Sometimes I can be a little thick in the head. It turns out that this year, Quest focuses on a different theme each week. Week one was Get Clear with Yourself. At the end of the week we were invited to take a look at our answers and see if a pattern might be emerging.
And so I took Jeffrey Davis’ advice and sketched out my favorite piece of geometry–a Venn Diagram–and distilled my answers to a set of words that could fit in each circle to see where they might overlap. And I found three words in common:
Art (which includes all creative endeavors, including writing, of course)
But it also left out two other very important items that have arisen repeatedly lately:
Home (which also includes health because body, building, planet… they are all essentially the same thing)
So even though the great and mighty Venn seems to have failed me here, I’m going to just go ahead and add them to the mix.
What advice would your future self a year from now give you today?
Apparently my future self is pretty outspoken because in addition to the five pages of writing which I have distilled down to the bullet list below:
Sometimes it’s not the thing that seems like the perfect fit, but the thing you’ve been running from, that gives you what you need
Do not let this life/world tame you, the color of the wheat fields may be beautiful but there is a sadness in them that you don’t need to carry around anymore–put it down
Dare to under-schedule–make space in your day and in your rooms
Keep your house clean and your body well rested
Get out of your head, out of your house, and into the bigger world
Make big messes–ones that need at least three beach towels to clean up
Do one small thing every day to move you closer to your dream–you don’t have to wait until you own property to start building your dream home
Make something just for yourself, and go big–really BIG; fill the whole wall if you can, try to fit in everything you love, everything you want to learn, but leave out anything that might hold you back–this is not a memorial, it’s a treasure map to your freedom
And for God’s sake, stop referring to yourself as a girl–you’re a woman, own it
She also told me that when it comes to wild dreams, mine aren’t nearly wild enough. She may be right. #futureself #3towelyear #treasuremap #iamwoman #wild #synthesis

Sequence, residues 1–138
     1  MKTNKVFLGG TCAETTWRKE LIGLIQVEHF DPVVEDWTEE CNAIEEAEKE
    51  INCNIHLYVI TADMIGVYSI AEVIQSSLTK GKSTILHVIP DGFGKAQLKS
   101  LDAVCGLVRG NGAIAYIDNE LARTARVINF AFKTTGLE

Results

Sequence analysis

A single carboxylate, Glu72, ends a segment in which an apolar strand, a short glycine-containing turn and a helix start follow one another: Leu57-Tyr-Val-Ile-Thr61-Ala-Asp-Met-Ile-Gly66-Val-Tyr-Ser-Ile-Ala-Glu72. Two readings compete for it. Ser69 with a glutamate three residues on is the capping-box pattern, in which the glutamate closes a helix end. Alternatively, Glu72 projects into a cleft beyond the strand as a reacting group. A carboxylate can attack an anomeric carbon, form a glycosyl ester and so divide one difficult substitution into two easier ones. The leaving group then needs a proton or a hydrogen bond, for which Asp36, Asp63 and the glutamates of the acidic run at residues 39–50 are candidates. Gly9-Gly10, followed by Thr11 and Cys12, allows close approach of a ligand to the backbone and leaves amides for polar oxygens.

And on that note, here are some wonderful other responses to the prompt.
How would you do business as unusual in 2016 if you knew – no matter what you chose – you would not fail?
And once again, though I wrote pages on the topic in my journal upon waking–more long lists of everything I would try, the answer changed during the time I got out of bed and when I arrived home after a more than 9 hour work day followed by errands to the grocery store and the bank. Because here’s the thing: For me, the only sure way to fail, regardless of our visionary’s promise, is to keep trying to do so many different things all at once…unless… (and this is an unless that I’ve been thinking about since at least last year’s quest)…
…unless I can find a way to combine them.
As it turns out, there is only one way to figure out how to transform the scattered joys of my desiring into a cohesive whole, and that one way, is ( drumroll please)… trial and error. And that means there will be failures. Glorious, hilarious, heartbreaking failures. There have to be. Which means you can’t wave your hand and take them away from me.
And while we’re at it, in the year of percolation and experimentation that 2016 is fixing to become, the word business also has no business there–unless you’re talking about monkey business. I will, however, take your unusual and raise you an ebullient, a sometimes slogging through quicksand, a pair of epiphanies and a very valuable Tracking Wonder for good measure.
And since my year of sequestered retreat from the world didn’t do much for my creativity–teaching me once again that great art abhors a vacuum–I have a four step plan for inviting failure to my house to play:
Experiment wildly with my art in all its myriads of form and media
Expand my horizons with travel (even if it’s just to go to the local coffee shop to write instead of hiding in my casita)
Explore new sources of inspiration–including the kind provided by spending time with interesting creative people
Expose more of my work, my process, and myself to the world (yes, I went there)
So, I will do business as unusual by turning my office into a mad scientists lab, by forming an expedition to locate and embrace other members of my tribe (can we all just meet somewhere in the middle one of these days, please?), and by getting out of my head and back into the world. Which I’m pretty sure is a recipe that cannot fail. #nofailure
And one last thing, because all those unlesses have been rattling through my head and ricocheting around this singular quote from one of my absolutely most formative books.
This year, caring will look less like lecture and more like play.